October 2010

Denny Schrock

October’s Glory

We had our first freeze (28 degrees F) this morning in Des Moines, but that doesn’t mean an end to brilliant color in the landscape. Here are shots taken this week of several shrubs in my landscape that provide plenty of fall color.

IteaLittleHenry One of my favorite shrubs is Virginia sweetspire (Itea ‘Little Henry’), shown here with its brilliant red fall color. This shrub forms a spreading clump just under 3 feet tall. It also earns its keep earlier in the summer with drooping wands of white flowers displayed on a background of medium green foliage.

For a splash of fall gold, I can rely on Carolina allspice (Calycanthus floridus), also called sweetshrub or sweet Betsy, for the fragrance of its springtime blooms. The maroon flowers are subdued in visual impact, but their spicy scents waft through the late spring garden. Often it develops interesting seed pods in addition to its clear yellow fall color.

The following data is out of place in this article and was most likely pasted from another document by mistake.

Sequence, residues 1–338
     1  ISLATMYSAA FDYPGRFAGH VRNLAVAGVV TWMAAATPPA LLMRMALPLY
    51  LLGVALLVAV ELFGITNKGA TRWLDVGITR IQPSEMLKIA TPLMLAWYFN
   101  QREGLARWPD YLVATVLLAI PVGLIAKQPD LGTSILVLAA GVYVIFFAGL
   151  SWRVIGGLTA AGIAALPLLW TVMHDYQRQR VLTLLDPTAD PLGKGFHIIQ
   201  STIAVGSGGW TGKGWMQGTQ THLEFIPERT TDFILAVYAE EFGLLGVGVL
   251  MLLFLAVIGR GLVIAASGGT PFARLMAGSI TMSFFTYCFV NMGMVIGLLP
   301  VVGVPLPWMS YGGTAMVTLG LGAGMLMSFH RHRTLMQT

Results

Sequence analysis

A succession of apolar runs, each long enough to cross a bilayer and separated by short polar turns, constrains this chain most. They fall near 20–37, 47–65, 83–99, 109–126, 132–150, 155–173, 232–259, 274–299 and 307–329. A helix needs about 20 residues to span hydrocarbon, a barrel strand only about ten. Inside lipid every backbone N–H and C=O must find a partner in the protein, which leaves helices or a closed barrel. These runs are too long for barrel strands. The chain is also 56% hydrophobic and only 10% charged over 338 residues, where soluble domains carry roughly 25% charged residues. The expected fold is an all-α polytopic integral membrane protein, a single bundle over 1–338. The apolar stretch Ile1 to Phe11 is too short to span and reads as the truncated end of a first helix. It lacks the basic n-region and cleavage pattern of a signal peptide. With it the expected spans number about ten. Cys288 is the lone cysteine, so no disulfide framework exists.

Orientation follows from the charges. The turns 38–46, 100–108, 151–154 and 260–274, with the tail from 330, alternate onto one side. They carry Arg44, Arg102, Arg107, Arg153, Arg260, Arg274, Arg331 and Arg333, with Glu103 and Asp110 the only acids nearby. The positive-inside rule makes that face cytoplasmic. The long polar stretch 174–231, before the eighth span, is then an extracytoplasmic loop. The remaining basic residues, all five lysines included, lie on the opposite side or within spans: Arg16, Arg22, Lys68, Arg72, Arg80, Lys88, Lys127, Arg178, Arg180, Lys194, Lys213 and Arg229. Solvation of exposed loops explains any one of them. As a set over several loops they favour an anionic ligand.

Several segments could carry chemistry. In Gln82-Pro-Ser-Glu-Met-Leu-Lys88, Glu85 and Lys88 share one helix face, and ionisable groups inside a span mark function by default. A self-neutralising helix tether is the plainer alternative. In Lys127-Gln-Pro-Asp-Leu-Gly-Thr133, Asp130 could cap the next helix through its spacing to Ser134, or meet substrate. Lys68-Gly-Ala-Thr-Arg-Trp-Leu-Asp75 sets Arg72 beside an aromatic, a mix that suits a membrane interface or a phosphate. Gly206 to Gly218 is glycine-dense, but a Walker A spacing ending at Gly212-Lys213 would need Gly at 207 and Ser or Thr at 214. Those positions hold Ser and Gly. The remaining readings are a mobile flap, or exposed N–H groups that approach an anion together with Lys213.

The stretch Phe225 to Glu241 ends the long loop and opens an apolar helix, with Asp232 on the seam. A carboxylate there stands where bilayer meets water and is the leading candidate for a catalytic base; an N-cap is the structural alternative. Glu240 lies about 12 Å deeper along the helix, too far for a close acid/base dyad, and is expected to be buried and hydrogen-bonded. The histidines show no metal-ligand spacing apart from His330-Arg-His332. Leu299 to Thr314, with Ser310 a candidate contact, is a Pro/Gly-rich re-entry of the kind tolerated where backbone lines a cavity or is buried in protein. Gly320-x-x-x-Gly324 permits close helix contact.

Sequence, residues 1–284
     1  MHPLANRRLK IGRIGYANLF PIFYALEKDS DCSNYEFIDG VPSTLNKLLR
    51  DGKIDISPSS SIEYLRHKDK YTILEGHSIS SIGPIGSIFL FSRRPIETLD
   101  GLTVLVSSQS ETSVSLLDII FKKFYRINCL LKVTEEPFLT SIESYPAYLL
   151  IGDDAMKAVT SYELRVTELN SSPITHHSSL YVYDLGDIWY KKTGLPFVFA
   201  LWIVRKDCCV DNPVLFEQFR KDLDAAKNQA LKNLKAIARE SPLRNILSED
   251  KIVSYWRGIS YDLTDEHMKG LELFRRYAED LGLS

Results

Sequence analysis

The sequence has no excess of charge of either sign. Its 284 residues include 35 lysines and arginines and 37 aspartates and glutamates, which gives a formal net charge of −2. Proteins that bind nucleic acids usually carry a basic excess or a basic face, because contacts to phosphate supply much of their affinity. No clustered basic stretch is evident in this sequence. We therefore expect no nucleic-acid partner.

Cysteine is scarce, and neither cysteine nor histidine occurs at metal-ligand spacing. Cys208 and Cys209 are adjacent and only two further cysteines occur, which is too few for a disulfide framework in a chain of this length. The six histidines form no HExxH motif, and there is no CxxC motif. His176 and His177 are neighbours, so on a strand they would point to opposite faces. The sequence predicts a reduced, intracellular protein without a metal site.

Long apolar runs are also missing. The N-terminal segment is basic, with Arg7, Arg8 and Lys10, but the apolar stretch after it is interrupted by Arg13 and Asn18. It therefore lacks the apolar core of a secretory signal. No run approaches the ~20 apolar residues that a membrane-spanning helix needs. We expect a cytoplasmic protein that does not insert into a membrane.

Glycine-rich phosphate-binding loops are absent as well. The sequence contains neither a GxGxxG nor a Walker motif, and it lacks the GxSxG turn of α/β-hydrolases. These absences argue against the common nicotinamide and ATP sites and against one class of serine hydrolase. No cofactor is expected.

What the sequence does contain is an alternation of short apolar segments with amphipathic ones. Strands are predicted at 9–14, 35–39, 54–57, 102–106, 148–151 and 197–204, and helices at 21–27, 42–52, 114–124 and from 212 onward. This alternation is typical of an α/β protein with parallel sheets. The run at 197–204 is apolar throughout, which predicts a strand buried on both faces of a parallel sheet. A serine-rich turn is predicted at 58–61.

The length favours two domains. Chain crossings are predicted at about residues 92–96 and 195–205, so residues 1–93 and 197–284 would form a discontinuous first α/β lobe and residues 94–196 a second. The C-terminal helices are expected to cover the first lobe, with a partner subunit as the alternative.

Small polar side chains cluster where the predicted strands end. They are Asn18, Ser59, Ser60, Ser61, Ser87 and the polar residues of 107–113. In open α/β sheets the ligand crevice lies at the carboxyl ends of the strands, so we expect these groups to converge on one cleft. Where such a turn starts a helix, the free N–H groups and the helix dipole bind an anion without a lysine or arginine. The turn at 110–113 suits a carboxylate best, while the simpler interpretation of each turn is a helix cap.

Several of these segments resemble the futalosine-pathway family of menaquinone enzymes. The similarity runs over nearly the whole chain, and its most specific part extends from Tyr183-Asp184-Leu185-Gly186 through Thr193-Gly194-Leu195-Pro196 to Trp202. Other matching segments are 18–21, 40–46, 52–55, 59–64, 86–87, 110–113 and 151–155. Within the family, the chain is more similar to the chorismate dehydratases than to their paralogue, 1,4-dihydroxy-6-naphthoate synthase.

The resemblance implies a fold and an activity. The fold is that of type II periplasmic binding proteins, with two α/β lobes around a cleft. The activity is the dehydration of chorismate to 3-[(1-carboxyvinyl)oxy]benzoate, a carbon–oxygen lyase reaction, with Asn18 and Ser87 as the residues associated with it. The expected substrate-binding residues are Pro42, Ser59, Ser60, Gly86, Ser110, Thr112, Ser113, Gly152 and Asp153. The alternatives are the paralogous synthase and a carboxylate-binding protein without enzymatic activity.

CalycanthusBeautyberry (Callicarpa dichotoma) lights up the fall landscape with its irridescent purple berries borne on arching stems covered with chartreuse leaves. The combination is electric!

Beautyberry

Beautyberry

Seven son flower (Heptacodium miconioides) is a late-season bloomer with panicles of white flowers. By late October its blooms have faded, but the show continues with deep pink bracts that hang through the end of fall.

Seven son flower

Seven son flower

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Eric Liskey

One you never heard of

But probably should know about.

This little gem is called GoldDust Mecardonia. Proven Winners markets it. They sent me a sample this summer to try out and although I was less than impressed when the little plants first showed up, they made a believer out of me in short order.